length of the gradient to control the location of where you would like the
color to change values. Additionally, there are a number of preset
gradient patterns loaded into the Gradient component, and you can set
them by right-clicking on the gradient pattern and choosing one of the four
preset patterns. Our example has the gradient pattern set to Spectrum.
Params/Special/Custom Preview – Drag and drop a Custom Preview
component onto the canvas
Connect the Scale-G output to the Custom Preview-G input
Connect the Shader-S output to the Custom Preview-S input
Right-click and turn the preview off for the Scale component
Below is a screen shot of how we have set up the third step of this
definition. If you move the attractor point around in your Rhino scene, the
scaled boxes and color information will automatically update.
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10 Curve Types
Since curves are geometric objects, they possess a number of properties or
characteristics which can be used to describe or analyze them. For example, every
curve has a starting coordinate and every curve has an ending coordinate. When the
distance between these two coordinates is zero, the curve is closed. Also, every curve
has a number of control-points, if all these points are located in the same plane, the
curve as a whole is planar. Some properties apply to the curve as a whole, while others
only apply to specific points on the curve. For example, planarity is a global property
while tangent vectors are a local property. Also, some properties only apply to some
curve types. So far we've discussed some of Grasshopper’s Primitive Curve
Components such as: lines, circles, ellipses, and arcs.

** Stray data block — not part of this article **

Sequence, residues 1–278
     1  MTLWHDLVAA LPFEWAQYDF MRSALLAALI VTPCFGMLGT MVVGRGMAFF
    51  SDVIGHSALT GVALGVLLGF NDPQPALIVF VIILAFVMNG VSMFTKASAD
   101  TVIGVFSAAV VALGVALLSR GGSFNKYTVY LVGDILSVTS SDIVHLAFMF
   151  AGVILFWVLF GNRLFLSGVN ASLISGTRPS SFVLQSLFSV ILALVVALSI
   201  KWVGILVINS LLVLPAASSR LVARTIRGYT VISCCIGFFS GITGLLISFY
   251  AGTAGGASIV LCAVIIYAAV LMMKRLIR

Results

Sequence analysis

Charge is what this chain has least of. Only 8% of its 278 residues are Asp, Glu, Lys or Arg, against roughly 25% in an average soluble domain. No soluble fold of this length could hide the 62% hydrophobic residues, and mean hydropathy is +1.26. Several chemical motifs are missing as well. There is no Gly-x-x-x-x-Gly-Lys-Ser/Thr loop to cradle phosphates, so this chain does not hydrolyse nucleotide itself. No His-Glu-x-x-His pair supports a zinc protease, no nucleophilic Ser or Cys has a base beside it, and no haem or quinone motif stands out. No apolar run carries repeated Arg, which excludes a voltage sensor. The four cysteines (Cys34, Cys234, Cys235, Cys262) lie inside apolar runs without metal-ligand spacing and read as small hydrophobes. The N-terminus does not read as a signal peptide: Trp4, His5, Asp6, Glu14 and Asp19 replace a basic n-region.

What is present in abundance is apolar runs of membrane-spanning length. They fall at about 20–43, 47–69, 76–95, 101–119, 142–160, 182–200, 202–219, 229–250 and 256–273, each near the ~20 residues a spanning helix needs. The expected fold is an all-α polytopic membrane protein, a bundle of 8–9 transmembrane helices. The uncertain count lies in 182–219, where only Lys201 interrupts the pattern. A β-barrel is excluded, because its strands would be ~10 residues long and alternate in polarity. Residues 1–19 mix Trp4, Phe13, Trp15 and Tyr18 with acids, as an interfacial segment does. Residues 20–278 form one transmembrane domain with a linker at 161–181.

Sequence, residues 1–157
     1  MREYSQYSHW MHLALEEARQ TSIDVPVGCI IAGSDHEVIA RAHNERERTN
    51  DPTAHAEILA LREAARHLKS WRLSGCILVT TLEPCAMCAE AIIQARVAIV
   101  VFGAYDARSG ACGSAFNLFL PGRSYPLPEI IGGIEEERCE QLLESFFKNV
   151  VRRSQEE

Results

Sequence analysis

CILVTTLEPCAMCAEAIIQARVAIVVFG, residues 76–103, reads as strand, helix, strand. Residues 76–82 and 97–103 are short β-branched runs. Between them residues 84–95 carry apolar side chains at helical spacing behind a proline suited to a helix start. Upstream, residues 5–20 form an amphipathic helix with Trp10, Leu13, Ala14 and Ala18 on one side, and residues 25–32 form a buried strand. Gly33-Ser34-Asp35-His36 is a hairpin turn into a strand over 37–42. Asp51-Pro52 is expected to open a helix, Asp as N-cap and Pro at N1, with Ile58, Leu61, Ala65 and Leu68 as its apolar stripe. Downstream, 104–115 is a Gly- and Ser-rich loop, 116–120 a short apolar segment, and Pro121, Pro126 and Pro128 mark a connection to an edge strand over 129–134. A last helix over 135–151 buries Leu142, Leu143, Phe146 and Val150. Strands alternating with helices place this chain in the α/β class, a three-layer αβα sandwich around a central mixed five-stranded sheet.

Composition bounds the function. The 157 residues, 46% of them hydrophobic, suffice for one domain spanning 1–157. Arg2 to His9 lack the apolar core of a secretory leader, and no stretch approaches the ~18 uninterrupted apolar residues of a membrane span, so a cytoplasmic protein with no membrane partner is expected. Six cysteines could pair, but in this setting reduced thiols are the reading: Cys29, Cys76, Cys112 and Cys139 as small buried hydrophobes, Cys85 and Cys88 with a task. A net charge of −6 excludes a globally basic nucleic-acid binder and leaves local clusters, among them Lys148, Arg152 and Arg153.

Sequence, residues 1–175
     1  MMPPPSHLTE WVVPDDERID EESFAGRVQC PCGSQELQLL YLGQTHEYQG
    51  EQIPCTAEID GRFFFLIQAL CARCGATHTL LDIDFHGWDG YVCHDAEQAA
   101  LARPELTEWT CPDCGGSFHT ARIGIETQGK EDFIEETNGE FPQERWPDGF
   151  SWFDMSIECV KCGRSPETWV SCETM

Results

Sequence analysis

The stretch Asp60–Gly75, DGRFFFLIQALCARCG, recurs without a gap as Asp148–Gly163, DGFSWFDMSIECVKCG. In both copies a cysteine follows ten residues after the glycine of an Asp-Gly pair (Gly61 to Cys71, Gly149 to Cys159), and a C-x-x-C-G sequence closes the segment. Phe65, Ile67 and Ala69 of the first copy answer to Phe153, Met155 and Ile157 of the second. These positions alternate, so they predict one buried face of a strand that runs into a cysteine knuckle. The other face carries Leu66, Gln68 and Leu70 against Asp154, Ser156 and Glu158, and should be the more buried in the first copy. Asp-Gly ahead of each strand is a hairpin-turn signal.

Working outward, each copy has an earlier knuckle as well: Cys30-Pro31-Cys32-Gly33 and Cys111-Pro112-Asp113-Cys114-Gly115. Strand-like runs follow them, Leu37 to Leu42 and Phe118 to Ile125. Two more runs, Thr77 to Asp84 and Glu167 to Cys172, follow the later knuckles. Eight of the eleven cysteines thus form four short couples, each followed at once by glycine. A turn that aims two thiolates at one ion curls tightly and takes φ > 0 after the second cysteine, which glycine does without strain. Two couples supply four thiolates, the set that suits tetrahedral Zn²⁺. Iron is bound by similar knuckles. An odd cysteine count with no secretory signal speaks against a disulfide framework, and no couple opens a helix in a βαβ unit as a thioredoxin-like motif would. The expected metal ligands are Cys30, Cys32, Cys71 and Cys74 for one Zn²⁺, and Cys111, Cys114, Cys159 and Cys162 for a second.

Grasshopper also has a set of tools to express Rhino’s more advanced curve types like
nurbs curves and poly curves. Below, is an example that will walk us through some of
Grasshopper’s Spline Components but first we will need to create a set of points that
will define how our curves will act.
In the Source Files folder that
accompanies this manual, Open the
Curve Types.3dm file. In the scene, you
will find 6 points placed on the X-Y plane.
I have labeled them from left to right, like
the image on the right, as this will be the
order from which will pick them from
within Grasshopper.
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Now in Grasshopper, Open
the file Curve Types.ghx
in the Source Files folder
that accompanies this
document. You will see a
Point component
connected to several Curve
components, each defining
a curve using a different
method. We will go
through each component
individually, but first we
must assign the points in
the Rhino scene to the
Point component within
Grasshopper. To do this,
right-click on the point component and select, Set Multiple Points. When prompted
select each of the 6 points making sure to select the points in the correct order, from left
to right. As you are selecting the points, an implied connection line will be drawn on the
screen in Blue to indicate your selections. When you’ve selected all 6 points, hit enter to
return to Grasshopper. All 6 points should now have a small Red X on top of them
indicating that this particular point has been assigned to the Grasshopper Point